Suggestions for a coop built on an Incline....

Discussion in 'Coop & Run - Design, Construction, & Maintenance' started by Chickiemom1012, Nov 26, 2009.

  1. Chickiemom1012

    Chickiemom1012 Chillin' With My Peeps

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    Hi there-

    I currently have a playhouse coop I built this spring. But..... cinsidering my obsession with my girls I have decided to expand this spring. We have a steep incline behind our garage which is set up higher than our house (it's detached. So we have this hill we don't know what to do with. I was thinking I could build a long narrow coop, maybe 4 or 5 feet by 12, on stilts into the hill, and place the run higher up behind the coop towards the garage. It would be the perfect spot for them as we don't utilize that part of the yard, bu I am wondering if anyone has coop designs for this type of set up.

    Also wondering if I have to worry about the floor being off the ground for insulatin on the winter, I am in Green Bay WI. Any suggestiond would be awesome.

    Thanks Denine
    Happy thanksgiving!!
     
  2. LynneP

    LynneP Chillin' With My Peeps

    Question about drainage- if you build there will you get runoff from the coop/run near your well?
    Would you need trenching and/or a french drain perhaps?

    We live on an inclined property of 5 acres, but all the animal business is downhill from the house, and at the time of building would have been required that way by the building codes and ag zoning laws...might be worth checking in your municipality.

    Pics might help!

    About raised buildings and insulation- you would definitely have to consider best way to make the floor predator proof and warm. You will have no ambient heat from the earth or insulation from snow...but sure, it can be done with attention to detail!
     
  3. patman75

    patman75 Chillin' With My Peeps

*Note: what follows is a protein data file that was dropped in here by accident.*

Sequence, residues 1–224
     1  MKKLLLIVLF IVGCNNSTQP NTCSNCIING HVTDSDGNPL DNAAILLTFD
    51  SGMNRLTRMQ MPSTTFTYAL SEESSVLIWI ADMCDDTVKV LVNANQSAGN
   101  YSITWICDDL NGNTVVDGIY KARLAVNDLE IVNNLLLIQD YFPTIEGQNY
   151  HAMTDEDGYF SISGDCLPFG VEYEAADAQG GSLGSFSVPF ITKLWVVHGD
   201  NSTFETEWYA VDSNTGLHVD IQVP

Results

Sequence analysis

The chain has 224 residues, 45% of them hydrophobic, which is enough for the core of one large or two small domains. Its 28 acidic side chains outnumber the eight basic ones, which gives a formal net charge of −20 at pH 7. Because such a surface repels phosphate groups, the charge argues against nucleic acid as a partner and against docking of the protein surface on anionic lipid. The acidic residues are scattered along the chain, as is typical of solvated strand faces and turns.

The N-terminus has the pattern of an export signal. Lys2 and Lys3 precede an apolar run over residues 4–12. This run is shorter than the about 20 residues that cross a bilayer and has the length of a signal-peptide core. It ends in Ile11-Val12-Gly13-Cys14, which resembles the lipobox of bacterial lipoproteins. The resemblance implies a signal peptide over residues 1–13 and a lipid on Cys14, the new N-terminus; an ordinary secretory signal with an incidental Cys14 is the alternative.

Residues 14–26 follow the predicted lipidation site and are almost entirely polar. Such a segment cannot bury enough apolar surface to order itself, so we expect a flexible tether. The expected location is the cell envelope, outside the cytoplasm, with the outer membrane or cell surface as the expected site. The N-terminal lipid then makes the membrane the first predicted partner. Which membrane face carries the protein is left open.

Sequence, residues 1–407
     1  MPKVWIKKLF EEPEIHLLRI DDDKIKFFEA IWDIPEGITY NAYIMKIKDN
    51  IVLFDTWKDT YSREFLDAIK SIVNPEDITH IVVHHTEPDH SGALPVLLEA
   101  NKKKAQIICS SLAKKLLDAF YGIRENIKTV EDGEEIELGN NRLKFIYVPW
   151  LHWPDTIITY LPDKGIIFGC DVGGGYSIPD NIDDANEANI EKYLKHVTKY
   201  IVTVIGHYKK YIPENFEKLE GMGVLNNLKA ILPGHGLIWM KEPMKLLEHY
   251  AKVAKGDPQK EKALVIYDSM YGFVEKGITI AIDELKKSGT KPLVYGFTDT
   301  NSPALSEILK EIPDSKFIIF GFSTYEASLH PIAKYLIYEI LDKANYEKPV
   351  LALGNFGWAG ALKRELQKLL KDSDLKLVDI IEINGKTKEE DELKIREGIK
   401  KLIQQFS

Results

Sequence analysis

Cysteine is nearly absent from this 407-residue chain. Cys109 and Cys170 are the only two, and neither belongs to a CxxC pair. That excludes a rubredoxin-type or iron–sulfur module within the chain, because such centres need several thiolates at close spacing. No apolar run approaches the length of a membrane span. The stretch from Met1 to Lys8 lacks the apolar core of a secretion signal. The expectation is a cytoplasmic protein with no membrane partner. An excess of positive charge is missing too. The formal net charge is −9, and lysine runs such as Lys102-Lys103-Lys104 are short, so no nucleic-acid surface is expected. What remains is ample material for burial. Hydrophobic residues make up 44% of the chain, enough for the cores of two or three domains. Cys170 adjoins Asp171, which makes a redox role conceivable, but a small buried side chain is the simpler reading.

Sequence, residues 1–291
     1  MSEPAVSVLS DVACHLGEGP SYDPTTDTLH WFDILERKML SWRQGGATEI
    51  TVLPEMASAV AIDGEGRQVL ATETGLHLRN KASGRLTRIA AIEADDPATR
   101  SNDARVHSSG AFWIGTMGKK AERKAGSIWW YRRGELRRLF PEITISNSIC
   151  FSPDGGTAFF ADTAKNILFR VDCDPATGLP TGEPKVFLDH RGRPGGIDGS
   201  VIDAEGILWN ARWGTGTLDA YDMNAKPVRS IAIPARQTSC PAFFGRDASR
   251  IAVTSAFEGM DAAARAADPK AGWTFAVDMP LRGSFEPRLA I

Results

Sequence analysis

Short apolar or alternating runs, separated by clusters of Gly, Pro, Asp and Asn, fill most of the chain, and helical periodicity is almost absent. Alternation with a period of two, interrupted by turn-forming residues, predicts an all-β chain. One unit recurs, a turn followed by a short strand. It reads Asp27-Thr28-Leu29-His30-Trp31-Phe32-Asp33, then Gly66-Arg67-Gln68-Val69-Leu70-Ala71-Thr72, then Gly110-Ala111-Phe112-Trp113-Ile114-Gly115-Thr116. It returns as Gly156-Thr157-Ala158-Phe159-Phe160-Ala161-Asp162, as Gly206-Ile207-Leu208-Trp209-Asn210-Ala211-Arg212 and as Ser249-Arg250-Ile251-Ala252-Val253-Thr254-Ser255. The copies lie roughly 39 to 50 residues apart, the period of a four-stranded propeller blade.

I built a coop on an incline, not as much as your sounds. I just sunk 4X4 pressure treated posts into the ground and then made my deck level. I used 10ft long posts, 2 foot in ground, 1-2 feet under the deck to the ground so the chickens could use the area under, and 6 foot for the inside so I could walk around inside without bumping my head. I built my walls and secured them to the posts. Like a pole barn. Or you can sink the posts in the ground and then make the deck on the top of the post and just make your walls and secure them to each other.

    Deep litter method will help insulate the bottom of the coop or you could surround the bottom with bales of straw.

    Some pics or the actuall grade/pitch will help.
     
    Last edited: Nov 26, 2009
  4. patandchickens

    patandchickens Flock Mistress

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    Quote:How steep is "steep"?

    From a coop construction standpoint, you would want to build on sturdy posts set WELL INTO the ground... with a combination of Green Bay and steep slope I would suggest 5' deep, no kidding; if you can only physically dig a 4' hole, regrade to pile earth at least a foot higher all around the posts (for at least a 2' radius around each one, or over the whole footprint plus 2' around all 3 downhill edges). Erosion is likely to reduce post depth somewhat unless you really keep up with it, and if something on a hillside starts to heave (esp. if it heaves unevenly), difficult problems can arise [​IMG]